with an existing group: how to choose a new rule system/campaign

Discussion in 'Roleplaying Games' started by Charlie D, Dec 6, 2017.

  1. Charlie D

    Charlie D Member

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    Once my campaigns get rolling things go well. But choosing a new rule system and campaign descends into complete chaos. We may even have some false starts and switch systems a few times before actually getting started.

    I think I've found a system (Warhammer) that we'll stick with for a while so this may not be a problem going forward. But for a while we kept trying new games to see what worked but actually deciding on what to play was a lot of work.

    Does anyone else have this problem? Do you have any solutions you've found that work?
     
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  2. The Butcher

    The Butcher Legendary Member

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    I’ve been there! All systems have a learning curve, though inherent complexity will dictate just how steep this curve is — and unless you’re sticking to very rules-light systems, it can get frustrating real quick, and leave the group yearning for the adroitness that comes from a more familiar ruleset.
     
  3. Shipyard Locked

    Shipyard Locked Legendary Member

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    Tell me about it. Video games have gotten so good at gently introducing gameplay elements step by step, but most tabletop RPGs still throw you head-first into the deep end of the swimming pool.

    I'm toying with Demon: The Descent right now, but the prospect of gradually introducing someone, let alone a whole group of people, to both its rules and setting is daunting.
     
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  4. Charlie D

    Charlie D Member

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    One good thing I've learned from all the madness of trying new systems is my complexity gauge. RuneQuest is too complex while Warhammer FRPG is just right. D&D 3E and 4E are too much while AD&D 2E is perfect. I also like the rule system for Mutant Year Zero and there are now a lot of RPGs out using the system. And Mongoose Traveller 2E works. Ubiquity is also an interesting system with lots of RPGs using the rules.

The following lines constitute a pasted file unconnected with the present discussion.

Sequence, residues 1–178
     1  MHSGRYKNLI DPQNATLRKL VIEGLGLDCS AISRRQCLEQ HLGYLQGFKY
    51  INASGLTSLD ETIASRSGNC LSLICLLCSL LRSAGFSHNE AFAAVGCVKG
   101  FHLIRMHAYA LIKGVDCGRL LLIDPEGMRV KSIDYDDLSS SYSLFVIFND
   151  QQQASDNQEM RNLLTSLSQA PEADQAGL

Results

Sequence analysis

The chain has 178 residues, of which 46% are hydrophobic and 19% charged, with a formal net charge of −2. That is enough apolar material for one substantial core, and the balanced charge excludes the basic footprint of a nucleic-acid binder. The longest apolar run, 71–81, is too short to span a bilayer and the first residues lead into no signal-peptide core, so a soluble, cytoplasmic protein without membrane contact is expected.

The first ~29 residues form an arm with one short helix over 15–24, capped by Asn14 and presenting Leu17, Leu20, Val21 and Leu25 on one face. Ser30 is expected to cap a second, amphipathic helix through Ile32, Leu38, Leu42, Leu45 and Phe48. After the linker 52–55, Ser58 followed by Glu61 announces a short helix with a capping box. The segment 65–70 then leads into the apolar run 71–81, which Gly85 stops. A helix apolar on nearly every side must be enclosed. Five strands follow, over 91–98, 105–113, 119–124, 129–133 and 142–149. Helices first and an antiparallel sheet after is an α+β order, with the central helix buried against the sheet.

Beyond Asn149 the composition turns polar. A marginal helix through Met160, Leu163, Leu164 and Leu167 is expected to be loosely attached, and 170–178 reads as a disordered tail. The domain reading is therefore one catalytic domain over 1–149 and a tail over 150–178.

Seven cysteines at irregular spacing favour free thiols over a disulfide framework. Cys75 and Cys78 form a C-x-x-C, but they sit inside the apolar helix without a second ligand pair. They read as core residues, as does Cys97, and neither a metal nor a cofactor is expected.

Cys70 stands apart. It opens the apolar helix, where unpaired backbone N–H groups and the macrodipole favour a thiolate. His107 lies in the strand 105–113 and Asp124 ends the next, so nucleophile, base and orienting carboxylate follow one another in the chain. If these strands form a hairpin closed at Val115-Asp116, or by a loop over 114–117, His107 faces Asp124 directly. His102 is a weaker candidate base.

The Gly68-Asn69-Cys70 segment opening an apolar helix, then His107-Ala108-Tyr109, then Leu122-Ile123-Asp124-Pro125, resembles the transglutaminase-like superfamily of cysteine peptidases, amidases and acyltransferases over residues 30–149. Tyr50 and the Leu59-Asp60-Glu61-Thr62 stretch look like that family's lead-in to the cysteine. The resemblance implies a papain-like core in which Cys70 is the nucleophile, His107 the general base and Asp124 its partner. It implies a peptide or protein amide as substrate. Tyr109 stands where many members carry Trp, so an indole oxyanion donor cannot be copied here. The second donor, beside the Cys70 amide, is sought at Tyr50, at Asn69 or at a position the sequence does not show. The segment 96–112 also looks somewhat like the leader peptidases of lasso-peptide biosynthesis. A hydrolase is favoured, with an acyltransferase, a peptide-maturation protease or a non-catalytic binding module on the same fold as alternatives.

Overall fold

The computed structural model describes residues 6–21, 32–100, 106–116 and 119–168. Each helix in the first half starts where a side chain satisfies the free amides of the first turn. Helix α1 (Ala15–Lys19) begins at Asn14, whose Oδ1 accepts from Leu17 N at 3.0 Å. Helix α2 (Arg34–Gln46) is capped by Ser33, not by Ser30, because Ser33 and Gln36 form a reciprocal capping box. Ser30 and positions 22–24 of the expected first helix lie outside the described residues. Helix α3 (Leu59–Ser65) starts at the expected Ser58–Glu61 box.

I usually start with one or two shots now before trying to plunge into a full campaign. I tried this approach with RuneQuest and it saved all of us a lot of future headaches.

    So I may not have to go through this again anytime soon!

    I don't know much about Demon but I did run Hunter: the Vigil. I think starting with humans instead of monsters helped the players learn the system. Turned out the system was not our favorite, but the campaign ran for several adventures.

    Does Demon have a quickstart or pregenerated characters? A one or two shot using pregens might ease people in.
     
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  5. K_Peterson

    K_Peterson Active Member

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    I'd much rather test out a variety of new systems with one-shots or really brief campaigns than dive in for a full-length campaign and have it turn into a false start. If I'm running the campaign, I'd like to know what I'm in for before I devote a lot of time to the campaign planning.

    I run a rather small stable of systems, and a new system would have to make quite an impression on me for it to join that rotation. As a player, I'll try out just about any Rpg system. But I'm a lot more selective as a GM.
     
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  6. Shipyard Locked

    Shipyard Locked Legendary Member

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    Generally, WoD's core games have the advantage of being able to start your character as a human and have them transition into monsters, but one of demon's key appeals is also its undoing in this regard: demons were never humans. I suppose I could start the players as stigmatics (humans who have been slightly altered by exposure to the God-Machine), but I think a lot of my potential players would find it kind of lame not to be able to keep those characters when they transitioned to demon characters.

    Maybe. I've considered reducing available character options for the first session, playing out their fall, then allowing them to rebuild the same character once they've gotten the hang of things, since this is arguably workable with a demon's technomagically fluid nature.
     
  7. TristramEvans

    TristramEvans Goosebuster Moderator